-role and the embedded subject is still active for the computation as it has
not entered into an agreement relation with a -complete probe. As we saw
earlier, assignment of a -role to an element marked with quirky case obliterates
the quirky specification previously established. Interestingly, the matrix light
verb is also a quirky-case assigner.20 Thus, the previous quirky-case value is
eliminated and the one associated with the -assignment of the matrix predicate
(accusative) is specified, as seen in (89e). Further checking with finite T finally
deactivates the case feature of the moved pronoun and values the -features of
T as default, as seen in (89g), which surfaces as (89h) (cf. [88]).
We would like to stress that assignment of a -role to an idiom chunk and
assignment of a -role to an element marked with quirky case are similar but not
identical. In particular, deletion of the idiom specification in (85b) is arguably
triggered by interpretability at the CI interface. By contrast, in instances of role assignment to an element previously marked with quirky case (cf. [87e]),
the issue is a morphological one: does the morphology of the grammar in
question allow preservation of quirky-case specification when a new -role is
assigned? It is not inconceivable that different grammars may have opposite
answers and even different answers depending on specific quirky values or
-roles. The latter scenario can be illustrated by dialects of Spanish that allow
embedded quirky morphology on the controller of some obligatory control
verbs, as discussed by Boskovic (1994) based on work by Gonzalez (1988,
1990). In (90) below, for instance, the preposition preceding the controller
is determined by the embedded rather than the matrix verb. That different
20 Nothing will substantially change if it turns out that the quirky case is assigned by the matrix
main verb instead of the light verb.

160

Empirical challenges and solutions

possibilities may be accommodated by morphology undoubtedly underlies part


of the variation found in speakers judgments regarding quirky case.
(90)

Spanish (Gonzalez 1988, 1990):


A Juan le
quiere gustar Marta
To Juan CL.DAT wants like Marta
Juan wants to like Marta

In sum, by making use of fairly standard assumptions regarding quirky case,


the MTC can handle the contrast between raising and control perfectly well. In
fact, the difference between raising and control with respect to the preservation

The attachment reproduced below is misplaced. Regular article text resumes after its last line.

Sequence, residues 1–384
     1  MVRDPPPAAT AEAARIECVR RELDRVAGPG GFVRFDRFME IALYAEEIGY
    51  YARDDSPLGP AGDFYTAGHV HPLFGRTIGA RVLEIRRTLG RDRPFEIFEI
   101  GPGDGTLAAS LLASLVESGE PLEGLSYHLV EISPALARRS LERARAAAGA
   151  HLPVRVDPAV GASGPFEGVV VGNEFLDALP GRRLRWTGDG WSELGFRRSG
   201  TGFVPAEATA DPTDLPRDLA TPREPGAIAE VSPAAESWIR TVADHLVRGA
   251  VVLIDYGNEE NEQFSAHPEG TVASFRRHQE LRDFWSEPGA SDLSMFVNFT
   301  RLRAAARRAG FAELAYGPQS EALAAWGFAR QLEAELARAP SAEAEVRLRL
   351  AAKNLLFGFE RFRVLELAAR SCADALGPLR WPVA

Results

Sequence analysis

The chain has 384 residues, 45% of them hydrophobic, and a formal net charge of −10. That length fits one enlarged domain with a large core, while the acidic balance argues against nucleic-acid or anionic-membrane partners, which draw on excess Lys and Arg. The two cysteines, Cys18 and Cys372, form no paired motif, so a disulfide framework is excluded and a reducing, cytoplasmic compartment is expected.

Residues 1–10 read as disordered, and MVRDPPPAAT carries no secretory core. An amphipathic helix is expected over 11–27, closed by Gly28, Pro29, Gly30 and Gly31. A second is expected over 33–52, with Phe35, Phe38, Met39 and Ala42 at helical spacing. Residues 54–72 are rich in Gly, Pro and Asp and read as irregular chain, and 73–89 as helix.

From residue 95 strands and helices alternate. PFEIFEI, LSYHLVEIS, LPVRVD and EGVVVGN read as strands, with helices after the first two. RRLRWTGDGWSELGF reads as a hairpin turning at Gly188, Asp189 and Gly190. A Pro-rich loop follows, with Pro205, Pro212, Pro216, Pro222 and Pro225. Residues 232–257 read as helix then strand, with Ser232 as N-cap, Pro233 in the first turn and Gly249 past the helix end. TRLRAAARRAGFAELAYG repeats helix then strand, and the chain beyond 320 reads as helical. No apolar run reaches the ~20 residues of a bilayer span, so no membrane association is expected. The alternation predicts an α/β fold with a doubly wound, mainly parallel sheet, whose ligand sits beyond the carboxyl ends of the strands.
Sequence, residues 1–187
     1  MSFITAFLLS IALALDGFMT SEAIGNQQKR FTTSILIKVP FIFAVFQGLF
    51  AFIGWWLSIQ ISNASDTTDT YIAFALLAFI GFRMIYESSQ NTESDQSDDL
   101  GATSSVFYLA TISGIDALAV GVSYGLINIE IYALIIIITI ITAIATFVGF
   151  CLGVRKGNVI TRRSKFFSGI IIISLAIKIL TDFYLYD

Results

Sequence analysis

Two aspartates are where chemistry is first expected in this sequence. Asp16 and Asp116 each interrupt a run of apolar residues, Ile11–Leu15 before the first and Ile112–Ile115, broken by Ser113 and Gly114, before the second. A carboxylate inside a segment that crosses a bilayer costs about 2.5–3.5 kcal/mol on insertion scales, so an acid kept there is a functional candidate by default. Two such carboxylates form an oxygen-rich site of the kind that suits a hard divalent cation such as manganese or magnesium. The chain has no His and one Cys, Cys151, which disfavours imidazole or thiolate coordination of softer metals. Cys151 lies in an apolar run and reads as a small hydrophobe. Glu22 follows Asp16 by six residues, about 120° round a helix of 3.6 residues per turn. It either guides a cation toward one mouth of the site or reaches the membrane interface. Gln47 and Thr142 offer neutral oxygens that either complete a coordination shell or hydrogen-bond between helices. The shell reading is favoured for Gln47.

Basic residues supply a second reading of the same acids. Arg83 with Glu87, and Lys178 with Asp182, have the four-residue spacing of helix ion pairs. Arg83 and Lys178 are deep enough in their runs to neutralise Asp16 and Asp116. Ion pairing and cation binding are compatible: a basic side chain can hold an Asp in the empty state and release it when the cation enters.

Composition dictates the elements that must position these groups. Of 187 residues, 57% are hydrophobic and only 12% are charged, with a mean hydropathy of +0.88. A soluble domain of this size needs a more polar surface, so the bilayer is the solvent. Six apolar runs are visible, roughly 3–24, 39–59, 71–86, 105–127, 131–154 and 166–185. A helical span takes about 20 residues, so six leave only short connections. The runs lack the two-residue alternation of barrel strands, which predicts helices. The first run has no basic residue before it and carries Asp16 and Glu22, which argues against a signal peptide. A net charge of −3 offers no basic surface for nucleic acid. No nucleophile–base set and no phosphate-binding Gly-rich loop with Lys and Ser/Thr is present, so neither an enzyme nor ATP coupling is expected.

of quirky-case morphology lies exactly where the MTC would lead us to look.
A-movement in raising is related to -agreement and is therefore oblivious
to -relations that the relevant DP may have participated in. By contrast, Amovement in control is motivated by -considerations and, therefore, it may in
principle be sensitive to -related issues.
5.4.2
Apparent case-marked PROs
5.4.2.1 Icelandic
The second type of challenge posed to the MTC coming from Icelandic
involves control configurations in which embedded floating quantifiers and
secondary predicates display case-agreement morphology that at face value
seems to be independent from the controller in the matrix clause (see Landau
2003; Sigursson 2008; and Bobaljik and Landau 2009). In the sentences in
(91) below, for instance, the matrix subject bears (structural) nominative case
(cf. [91a]) and (quirky) accusative case (cf. [91b]), but the secondary predicate
in the embedded clause shows up with dative case, which is the quirky case
assigned by the embedded verb.
(91)
a.

b.

Icelandic (Boeckx and Hornstein 2006a):


Jon
vonast til a leiast ekki einum
Jon.NOM hopes to to be-bored not alone.DAT
Jon hopes not to be bored alone
Bjarna
langai ekki til a leiast einum
Bjarni.ACC wanted not to to be-bored alone.DAT
Bjarni wanted not to be bored alone

The reason why (91) seems intriguing from the perspective of the MTC is that
floating quantifiers and secondary predicates agree in case and -features with
the nominal expression they are associated with, as illustrated in (92) below. If
the secondary predicates in (91) mismatch the case of the matrix subject but
exhibit the quirky agreement licensed by the embedded verb, this at face value
appears to show that the controller of the agreement cannot be a trace/copy of

5.4 Obligatory control and morphological case

161

the matrix subject. Rather, the agreement on the secondary predicate should be
determined by a case-marked PRO (see Sigursson 1991, 2008).
(92)
a.

Icelandic (Sigursson 2008):


Braeurnir
voru ekki bair
kosnir
Brothers-the.NOM.MASC.PL were not both.NOM.MASC.PL elected
atjornina
to board-the
The brothers were not both elected to the board

b.

Braerunum
var baum
boi
Brothers-the.DAT.MASC.PL was both. DAT.MASC.PL invited.DFLT
a fundinn
to meeting-the
The brothers were both invited to the meeting

Again, appearances are misleading and a close look at the relevant derivations
promptly reveals the source of the case dissimilarity between the matrix subject